Of course, some of the hardest parts to read were her recounting the murder of her best friend. I almost cried at the very end of a chapter where she was recounting it in front of people and just her last sentence felt so impactful, so raw, so real, that I almost started to ball my eyes out because… wow. I’ll most likely never have to experience or think something like that ever in my life, and how she had to think that at 16? It hurts.

And how she had to call out one of her friends for having said several racist things over the years, and the white girl never admitted to it and would always play the victim. It was frustrating and I wanted to slap her, but I was also glad to see that there was also Chris, Starr’s boyfriend, who wanted to prove that he loves her for her, nothing else. It was nice to see.

Overall, this whole story is incredible. I’m not doing it justice by talking about it here (other than the fact that I’m rusty at these book reviews lol), but I can understand the hype, and I highly recommend you read this book – especially if you’re white – just to get a glimpse into the world Black people experience every day.

Also remember: Black Lives Matter, all day, every day.

★★★★★

Sorcery of Thorns | Book Review

Title: Sorcery of Thorns
Author: Margaret Rogerson
Publisher: Margaret K. McElderry Books.
Publish Date: June 4, 2019
Genre: Young Adult, Fantasy, Romance
Pages: 465
Format: Kindle eBook

All sorcerers are evil. Elisabeth has known that as long as she has known anything. Raised as a foundling in one of Austermeer’s Great Libraries, Elisabeth has grown up among the tools of sorcery: magical grimoires that whisper on shelves and rattle beneath iron chains. If provoked, they transform into grotesque monsters of ink and leather. She hopes to become a warden, charged with protecting the kingdom from their power.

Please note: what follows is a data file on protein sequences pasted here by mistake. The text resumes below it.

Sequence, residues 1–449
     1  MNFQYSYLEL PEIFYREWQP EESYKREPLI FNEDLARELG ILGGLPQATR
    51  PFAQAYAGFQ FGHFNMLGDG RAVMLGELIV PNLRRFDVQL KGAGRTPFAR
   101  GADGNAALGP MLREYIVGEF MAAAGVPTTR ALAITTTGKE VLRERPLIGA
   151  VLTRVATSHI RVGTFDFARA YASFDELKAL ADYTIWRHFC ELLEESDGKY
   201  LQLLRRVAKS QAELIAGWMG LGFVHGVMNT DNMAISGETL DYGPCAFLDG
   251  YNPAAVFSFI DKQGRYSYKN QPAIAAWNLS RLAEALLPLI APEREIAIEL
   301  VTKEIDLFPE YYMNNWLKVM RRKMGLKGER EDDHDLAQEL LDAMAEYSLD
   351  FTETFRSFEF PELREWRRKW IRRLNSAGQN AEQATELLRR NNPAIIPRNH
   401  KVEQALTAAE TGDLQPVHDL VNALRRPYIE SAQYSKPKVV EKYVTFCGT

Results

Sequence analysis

Then an act of sabotage releases the library’s most dangerous grimoire. Elisabeth’s desperate intervention implicates her in the crime, and she is torn from her home to face justice in the capital. With no one to turn to but her sworn enemy, the sorcerer Nathaniel Thorn, and his mysterious demonic servant, she finds herself entangled in a centuries-old conspiracy. Not only could the Great Libraries go up in flames, but the world along with them.

As her alliance with Nathaniel grows stronger, Elisabeth starts to question everything she’s been taught – about sorcerers, about the libraries she loves, even about herself. For Elisabeth has a power she has never guessed, and a future she could never have imagined.

Sorcery of Thorns is a standalone YA fantasy novel, which is not something that you often come by. It’s a story that began (and technically ended) in a library, with books that could talk, move, make noise, snore, etc. That part was super fascinating to imagine! Like, can you picture hundreds of grimoires just mumbling to themselves or trying to spit ink at you? It sounds fun, not gonna lie.

The main female protagonist, Elisabeth, grew up in one of the Great Libraries in the kingdom, as she was abandoned there as a baby. She grew up amongst the stacks and loved them very much. She was also very much trained in what it was that the librarians should expect of the novels: that they’re dangerous – especially those of higher class levels – and that they could kill people if they changed into Maleficts.

Also that sorcerer’s are evil and will kill you for the hell of it.

As she is thrust into a much different, much larger city than the one she grew up in due to tragic circumstances at the library she grew up in, she discovers that not everything that was taught is as it seems, and she slowly learns and grows from that over time.